For the Topping:
4.  Scatter the berries over top of the batter. Stir the sugar and cinnamon together in a small bowl and sprinkle evenly over the batter. Bake until toothpick inserted in center of cake comes out clean (this cake was done for me in 35 minutes but some recipes call for 45 to 50 minutes). Cool in pan 20 minutes, then turn out and cool completely. Cake can be stored in an airtight container at room temperature for up to 3 days.

Pumpkin Bread

What is there to say about pumpkin bread? Everybody loves it, right? I do. Everyone I talk to does. Let’s just get to the point. Pumpkin bread is the perfect thing to make at this time of year because it’s warm and spicy and delicious. It’s also really quick and easy to put together. I’ve made a loaf for two weeks in a row and probably going on a third. You’ll be making this weekly too. Assuming you can wait that long.

On a side note, I know it’s been a while since I’ve posted here, and I know I said that last time too. I’ll tell you now that it might be a while until the next update too, but once the holidays hit – I’M BACK BABY! I’m graduating in December and then I’m free! Well, actually, I have an internship for the spring then I’ll hopefully be starting grad school next year. But in the months between when I finish school and start school again, I’ll be baking like it’s my job (if only). So hold tight for a few months (scary!). I’ll see you again soon!

Pumpkin Bread
Adapted from Epicurious


  • ½ cup granulated sugar
  • ½ cup brown sugar
  • ½ cup vegetable oil
  • 1½ large eggs (beat the 2nd with a fork then pour half in)
  • ½ 16 oz. can solid pack pumpkin
  • 1½ cups all purpose flour
  • 1 teaspoon ground cinnamon
  • ½ teaspoon ground cloves
  • ½ teaspoon ground nutmeg
  • ½ teaspoon baking soda
  • ¼ teaspoon salt
  • ¼ teaspoon baking powder
  • ½ cup coarsely chopped walnuts (optional)
  • Turbinado sugar (optional)


Preheat oven to 350°F. Butter and flour a 9x5x3-inch loaf pans or 8×8-inch pan. Beat granulated and brown sugars and oil in large bowl to blend. Mix in eggs and pumpkin. Sift flour, cinnamon, cloves, nutmeg, baking soda, salt and baking powder into another large bowl. Stir into pumpkin mixture in 2 additions. Mix in walnuts, if using. Pour into pan and sprinkle the top with turbinado sugar, if using. Bake until tester inserted into center comes out clean, about 1 hour 10 minutes for loaf pan, or about 45 minutes for an 8×8 pan. Transfer to rack and cool completely.

Note: This recipe is halved from the original, which is why there are funky measurements for the eggs and pumpkin. Feel free to double.

Blueberry Scones

I love Valentine’s Day. I know some people hate it because they think it’s a holiday invented to sell cards and candy. So what if it is! I like cards. I like candy. Why shouldn’t there be a day designated to giving and receiving them? I also love baking Valentine’s treat for friends, especially the the ones who are particularly grumpy and cynical.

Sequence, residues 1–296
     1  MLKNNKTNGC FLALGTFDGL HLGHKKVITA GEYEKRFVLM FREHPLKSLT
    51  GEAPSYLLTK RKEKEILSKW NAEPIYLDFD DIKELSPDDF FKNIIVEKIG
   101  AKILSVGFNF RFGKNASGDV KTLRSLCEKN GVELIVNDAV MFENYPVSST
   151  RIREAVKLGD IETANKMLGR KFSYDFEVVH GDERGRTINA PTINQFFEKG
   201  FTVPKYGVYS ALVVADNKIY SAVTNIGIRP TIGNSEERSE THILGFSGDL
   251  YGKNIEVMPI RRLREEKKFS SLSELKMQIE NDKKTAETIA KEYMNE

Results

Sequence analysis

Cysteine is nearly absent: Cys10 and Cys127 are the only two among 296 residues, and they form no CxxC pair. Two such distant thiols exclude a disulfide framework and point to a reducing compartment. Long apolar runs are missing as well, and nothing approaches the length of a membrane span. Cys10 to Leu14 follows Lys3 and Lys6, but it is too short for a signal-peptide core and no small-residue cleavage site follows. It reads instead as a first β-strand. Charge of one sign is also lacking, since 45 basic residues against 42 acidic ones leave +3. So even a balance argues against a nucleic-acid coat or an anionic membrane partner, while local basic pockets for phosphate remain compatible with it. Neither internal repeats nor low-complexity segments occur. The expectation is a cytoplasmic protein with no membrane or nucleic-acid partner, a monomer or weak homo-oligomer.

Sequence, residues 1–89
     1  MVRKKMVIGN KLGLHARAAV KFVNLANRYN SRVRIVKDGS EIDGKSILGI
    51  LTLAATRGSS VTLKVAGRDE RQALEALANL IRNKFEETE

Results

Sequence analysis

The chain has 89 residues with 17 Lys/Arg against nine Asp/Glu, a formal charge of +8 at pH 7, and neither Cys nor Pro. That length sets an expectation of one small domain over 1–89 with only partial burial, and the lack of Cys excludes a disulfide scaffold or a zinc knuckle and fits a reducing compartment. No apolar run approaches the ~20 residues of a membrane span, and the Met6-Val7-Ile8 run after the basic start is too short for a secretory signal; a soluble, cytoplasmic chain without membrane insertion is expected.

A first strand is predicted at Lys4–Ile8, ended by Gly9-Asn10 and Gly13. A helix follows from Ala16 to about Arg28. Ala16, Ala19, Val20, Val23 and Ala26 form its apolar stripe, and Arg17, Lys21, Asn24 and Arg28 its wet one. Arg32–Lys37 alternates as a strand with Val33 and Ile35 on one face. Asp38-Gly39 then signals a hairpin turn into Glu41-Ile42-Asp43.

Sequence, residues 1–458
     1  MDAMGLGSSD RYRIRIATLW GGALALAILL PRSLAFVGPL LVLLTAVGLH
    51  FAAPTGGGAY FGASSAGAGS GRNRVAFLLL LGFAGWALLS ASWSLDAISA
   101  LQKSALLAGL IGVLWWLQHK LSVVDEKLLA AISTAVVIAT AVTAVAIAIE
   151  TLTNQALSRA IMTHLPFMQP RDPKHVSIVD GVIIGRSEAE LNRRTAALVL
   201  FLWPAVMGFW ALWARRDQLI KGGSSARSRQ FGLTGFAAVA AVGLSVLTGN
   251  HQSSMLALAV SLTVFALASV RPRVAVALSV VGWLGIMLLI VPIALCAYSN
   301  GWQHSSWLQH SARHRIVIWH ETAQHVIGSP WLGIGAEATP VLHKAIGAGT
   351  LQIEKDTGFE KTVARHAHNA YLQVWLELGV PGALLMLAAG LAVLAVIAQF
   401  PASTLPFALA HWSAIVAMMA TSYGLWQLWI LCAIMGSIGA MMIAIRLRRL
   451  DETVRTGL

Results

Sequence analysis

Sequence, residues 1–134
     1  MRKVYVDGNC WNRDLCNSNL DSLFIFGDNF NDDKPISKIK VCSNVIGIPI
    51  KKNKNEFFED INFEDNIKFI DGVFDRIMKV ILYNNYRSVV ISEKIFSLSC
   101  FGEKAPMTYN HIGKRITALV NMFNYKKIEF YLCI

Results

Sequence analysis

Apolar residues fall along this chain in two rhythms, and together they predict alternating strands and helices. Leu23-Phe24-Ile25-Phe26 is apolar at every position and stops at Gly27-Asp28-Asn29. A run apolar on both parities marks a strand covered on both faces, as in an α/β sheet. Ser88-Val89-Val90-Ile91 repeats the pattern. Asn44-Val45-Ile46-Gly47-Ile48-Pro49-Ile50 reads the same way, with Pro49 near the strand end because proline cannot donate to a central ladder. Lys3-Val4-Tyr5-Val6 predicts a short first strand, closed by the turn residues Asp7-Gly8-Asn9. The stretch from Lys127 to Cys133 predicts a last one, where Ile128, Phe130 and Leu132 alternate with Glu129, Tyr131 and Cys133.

I’m going to let you all in on a little secret: if you make something in the shape of a heart, it is automatically appropriate for Valentine’s Day. It doesn’t need to be red and pink (even if it does look more festive that way). It doesn’t need to be chocolate (although, who ever said “no” to chocolate). All you need is a heart-shaped cookie cutter or heart-shaped mold and you are good to go.

Blueberry Scones
Adapted from Cook’s Illustrated

I use frozen blueberries in these because they’re always available but if the berries are too big they may not work well if you cut the scones too small. The original recipe called for dried currants so I think dried blueberries could be a nice swap too.


  • 2 cups (10 ounces) unbleached all-purpose flour
  • 1 tablespoon baking powder
  • 3 tablespoons sugar
  • ½ teaspoon salt
  • 5 tablespoons chilled, unsalted butter, cut into 1/4-inch cubes
  • ½ cup fresh or frozen blueberries
  • 1 cup heavy cream


Adjust oven rack to middle position and heat oven to 425°F.

Place flour, baking powder, sugar and salt in large bowl or work bowl of food processor fitted with steel blade. Whisk together or pulse six times. (If making by hand, use two knives, a pastry blender or your fingertips and quickly cut in butter until mixture resembles coarse meal, with a few slightly larger butter lumps.)

If using food processor, remove cover and distribute butter evenly over dry ingredients. Cover and pulse 12 times, each pulse lasting 1 second. Transfer dough to large bowl.

Add berries then stir in heavy cream with a rubber spatula or fork until dough begins to form. Knead dough by hand just until it comes together into a rough, sticky ball, 5 to 10 seconds. Add a little extra cream if it is too dry. Transfer to a lightly floured work surface and pat the dough into a 3/4-inch thick circle. Cut pieces with a biscuit cutter, and then gather remaining scraps and continue cutting until dough has been used up. Brush the tops of the scones with additional cream and sprinkle with raw sugar. (You could also cut the disk into eight wedges. If you do this you can brush with cream and sprinkle with sugar before cutting which makes the process, and cookie sheet, a little cleaner).

Place rounds or wedges on parchment lined baking sheet and bake until scone tops are light brown, 12 to 15 minutes. Cool on wire rack for at least 10 minutes. Serve warm or at room temperature.

Makes 8 wedges or as many shapes as you can cut out